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Microsoft and Red Hat Sign Unlikely Deal to Support Enterprise Hybrid Cloud

Red Hat Enterprise Linux will be preferred choice for enterprise Linux workloads on Azure


This article originally appeared at The WHIR

Microsoft and Red Hat announced a partnership that is a first for both companies on Wednesday, driven by customer demand and the rise of hybrid cloud. One of the key components of the agreement is Microsoft naming Red Hat Enterprise Linux as the preferred choice for enterprise Linux workloads on Microsoft Azure.

Also as part of the agreement, the companies will work together to provide cross-platform, cross-company support spanning Microsoft and Red Hat’s offerings, collocating support teams in Redmond initially. The partnership also includes interoperability between Red Hat CloudForms and Microsoft System Center Virtual Machine Manager and Microsoft Azure.

Developers will gain access to .NET technologies across Red Hat offerings,” giving developers the ability to build applications and include .NET services,” Paul Cormier, Red Hat executive vice president and president, Products and Technologies, said in a briefing. He called the partnership a “powerful win for the enterprise customer.”

“I think everyone knows that there is no doubt now that Linux is a key part of enterprise computing today,” Cormier said.

With “cloud at the center of Microsoft’s strategy going forward” the company sees its capabilities around hybrid cloud as a differentiation in the market, Scott Guthrie, EVP of the cloud and enterprise group at Microsoft said.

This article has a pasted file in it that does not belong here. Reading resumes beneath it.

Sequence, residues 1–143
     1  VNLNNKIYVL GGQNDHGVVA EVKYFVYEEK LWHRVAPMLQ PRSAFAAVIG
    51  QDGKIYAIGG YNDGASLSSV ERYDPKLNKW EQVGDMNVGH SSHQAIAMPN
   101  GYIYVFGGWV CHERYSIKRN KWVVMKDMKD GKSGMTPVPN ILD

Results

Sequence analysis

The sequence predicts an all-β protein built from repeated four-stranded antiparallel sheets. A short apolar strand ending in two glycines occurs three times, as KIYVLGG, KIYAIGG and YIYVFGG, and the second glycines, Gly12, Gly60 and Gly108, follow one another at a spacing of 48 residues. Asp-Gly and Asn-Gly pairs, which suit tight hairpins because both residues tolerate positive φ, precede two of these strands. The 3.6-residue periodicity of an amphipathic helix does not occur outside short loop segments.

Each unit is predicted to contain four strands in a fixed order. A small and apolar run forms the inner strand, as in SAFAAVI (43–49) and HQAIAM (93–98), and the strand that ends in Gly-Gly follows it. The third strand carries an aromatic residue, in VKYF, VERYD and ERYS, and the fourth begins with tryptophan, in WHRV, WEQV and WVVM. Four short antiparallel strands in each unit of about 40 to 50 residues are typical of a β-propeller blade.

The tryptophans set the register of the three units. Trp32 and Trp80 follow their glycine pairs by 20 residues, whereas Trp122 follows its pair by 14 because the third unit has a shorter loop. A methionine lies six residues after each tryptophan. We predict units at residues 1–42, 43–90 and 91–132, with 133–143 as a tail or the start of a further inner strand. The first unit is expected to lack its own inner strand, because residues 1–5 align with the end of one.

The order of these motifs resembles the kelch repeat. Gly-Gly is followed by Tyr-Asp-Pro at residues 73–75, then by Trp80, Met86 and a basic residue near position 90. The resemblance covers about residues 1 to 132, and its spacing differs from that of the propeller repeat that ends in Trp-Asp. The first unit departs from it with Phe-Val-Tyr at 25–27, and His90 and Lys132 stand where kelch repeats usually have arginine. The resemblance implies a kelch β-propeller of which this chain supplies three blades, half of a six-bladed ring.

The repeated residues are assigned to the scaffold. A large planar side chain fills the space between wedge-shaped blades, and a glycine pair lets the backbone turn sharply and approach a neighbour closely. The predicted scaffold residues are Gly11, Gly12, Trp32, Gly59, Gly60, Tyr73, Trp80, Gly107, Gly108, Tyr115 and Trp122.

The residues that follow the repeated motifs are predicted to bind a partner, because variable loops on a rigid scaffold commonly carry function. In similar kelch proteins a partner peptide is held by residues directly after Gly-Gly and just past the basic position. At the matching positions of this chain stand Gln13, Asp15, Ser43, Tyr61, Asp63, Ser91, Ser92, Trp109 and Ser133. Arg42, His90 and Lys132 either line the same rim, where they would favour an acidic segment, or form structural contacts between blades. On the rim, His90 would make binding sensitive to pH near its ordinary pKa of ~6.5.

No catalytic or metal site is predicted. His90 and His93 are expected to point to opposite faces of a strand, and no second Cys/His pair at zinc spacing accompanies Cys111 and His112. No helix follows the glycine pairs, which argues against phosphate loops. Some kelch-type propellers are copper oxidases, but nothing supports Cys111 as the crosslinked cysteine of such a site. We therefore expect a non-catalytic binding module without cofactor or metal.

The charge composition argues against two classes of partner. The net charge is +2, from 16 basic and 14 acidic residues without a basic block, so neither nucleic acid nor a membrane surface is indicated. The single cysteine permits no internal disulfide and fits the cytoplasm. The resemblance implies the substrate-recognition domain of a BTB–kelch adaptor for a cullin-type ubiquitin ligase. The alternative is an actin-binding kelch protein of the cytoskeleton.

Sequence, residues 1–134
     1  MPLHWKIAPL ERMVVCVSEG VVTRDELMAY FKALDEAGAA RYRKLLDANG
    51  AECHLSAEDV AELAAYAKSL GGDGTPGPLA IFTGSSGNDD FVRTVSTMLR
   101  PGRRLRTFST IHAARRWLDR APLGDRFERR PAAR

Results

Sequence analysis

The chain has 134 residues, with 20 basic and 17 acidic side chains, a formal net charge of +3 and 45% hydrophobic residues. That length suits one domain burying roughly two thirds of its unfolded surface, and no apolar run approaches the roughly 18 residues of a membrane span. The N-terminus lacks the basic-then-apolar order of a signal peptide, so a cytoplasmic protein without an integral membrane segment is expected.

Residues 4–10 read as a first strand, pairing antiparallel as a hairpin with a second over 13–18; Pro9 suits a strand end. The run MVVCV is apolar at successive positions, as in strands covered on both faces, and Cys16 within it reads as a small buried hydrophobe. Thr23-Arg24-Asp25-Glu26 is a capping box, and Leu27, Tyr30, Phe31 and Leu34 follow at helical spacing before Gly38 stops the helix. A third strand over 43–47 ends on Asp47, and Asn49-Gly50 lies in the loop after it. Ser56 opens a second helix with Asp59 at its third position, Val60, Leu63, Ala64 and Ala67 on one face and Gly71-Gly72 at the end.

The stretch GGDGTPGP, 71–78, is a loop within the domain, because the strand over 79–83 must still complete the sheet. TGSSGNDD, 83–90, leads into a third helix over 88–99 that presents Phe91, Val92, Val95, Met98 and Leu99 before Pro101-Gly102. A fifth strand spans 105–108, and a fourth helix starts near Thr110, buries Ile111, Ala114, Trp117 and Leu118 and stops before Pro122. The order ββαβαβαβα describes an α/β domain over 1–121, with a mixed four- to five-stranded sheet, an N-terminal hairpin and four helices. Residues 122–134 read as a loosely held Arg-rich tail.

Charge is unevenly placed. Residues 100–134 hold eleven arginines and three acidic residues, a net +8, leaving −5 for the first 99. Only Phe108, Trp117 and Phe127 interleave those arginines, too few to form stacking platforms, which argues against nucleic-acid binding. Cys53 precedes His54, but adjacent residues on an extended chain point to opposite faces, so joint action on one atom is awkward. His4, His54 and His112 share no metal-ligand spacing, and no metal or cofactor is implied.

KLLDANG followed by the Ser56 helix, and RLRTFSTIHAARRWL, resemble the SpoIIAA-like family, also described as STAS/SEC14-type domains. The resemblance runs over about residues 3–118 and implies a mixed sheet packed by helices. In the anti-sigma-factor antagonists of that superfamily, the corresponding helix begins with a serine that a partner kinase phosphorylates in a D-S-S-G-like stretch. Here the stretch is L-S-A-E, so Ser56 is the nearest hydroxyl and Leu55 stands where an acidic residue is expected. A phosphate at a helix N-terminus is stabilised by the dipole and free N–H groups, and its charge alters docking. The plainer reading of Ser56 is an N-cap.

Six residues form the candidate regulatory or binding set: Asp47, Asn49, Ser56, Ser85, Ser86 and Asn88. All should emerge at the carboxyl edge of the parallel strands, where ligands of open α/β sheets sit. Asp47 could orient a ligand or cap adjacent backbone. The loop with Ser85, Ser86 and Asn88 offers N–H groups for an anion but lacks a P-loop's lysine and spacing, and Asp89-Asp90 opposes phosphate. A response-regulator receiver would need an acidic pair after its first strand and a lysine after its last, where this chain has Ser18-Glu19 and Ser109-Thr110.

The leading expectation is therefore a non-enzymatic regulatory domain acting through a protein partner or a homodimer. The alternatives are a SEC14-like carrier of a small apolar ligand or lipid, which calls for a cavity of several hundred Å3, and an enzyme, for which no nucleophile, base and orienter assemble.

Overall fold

Throughout the webcast, both Guthrie and Cormier emphasized the choice and flexibility that hybrid cloud provides. Hybrid cloud adoption is set to triple over the next few years, according to a recent report.

In a Red Hat blog post, Cormier said: “Both Red Hat and Microsoft are key players in this new, hybrid cloud reality. Today, it is incredibly likely that where you once found ‘Red Hat shops’ and ‘Microsoft shops,’ you’ll find heterogeneous environments that include solutions from both companies.”

“We heard from customers and partners that they wanted our solutions to work together – with consistent APIs, frameworks, management, and platforms. They not only wanted Red Hat offerings on Microsoft Azure, they wanted to be able to build .NET applications on infrastructure powered by Red Hat Enterprise Linux, including OpenShift, Red Hat Enterprise Linux Atomic Host, and Red Hat Enterprise Linux OpenStack Platform.”

“This partnership is a much more comprehensive partnership than we have with any other public cloud providers,” Cormier said in the webcast. “We never would have thought about this [partnership] 14 years ago when we started RHEL [Red Hat Enterprise Linux], but our customers wanted this. We realized we had a common goal to satisfy customers.”

In the coming weeks, Microsoft Azure will become a Red Hat Certified Cloud andService Provider, which enables customers to run RHEL applications and workloads on Azure. In the coming months, Microsoft and Red Hat plan to provide pay-as-you-go RHEL images in the Azure Marketplace, supported by Red Hat.

Red Hat CloudForms customers will be able to managed RHEL on both Hyper-V and Microsoft Azure, with support for managing Azure workloads from Red Hat CloudForms to be added in the next few months.

Developers will have access to Red Hat offerings, including Red Hat OpenShift and RHEL, jointly backed by Microsoft and Red Hat. According to the announcement, RHEL will be the primary development and reference operating system for .NET Core on Linux.

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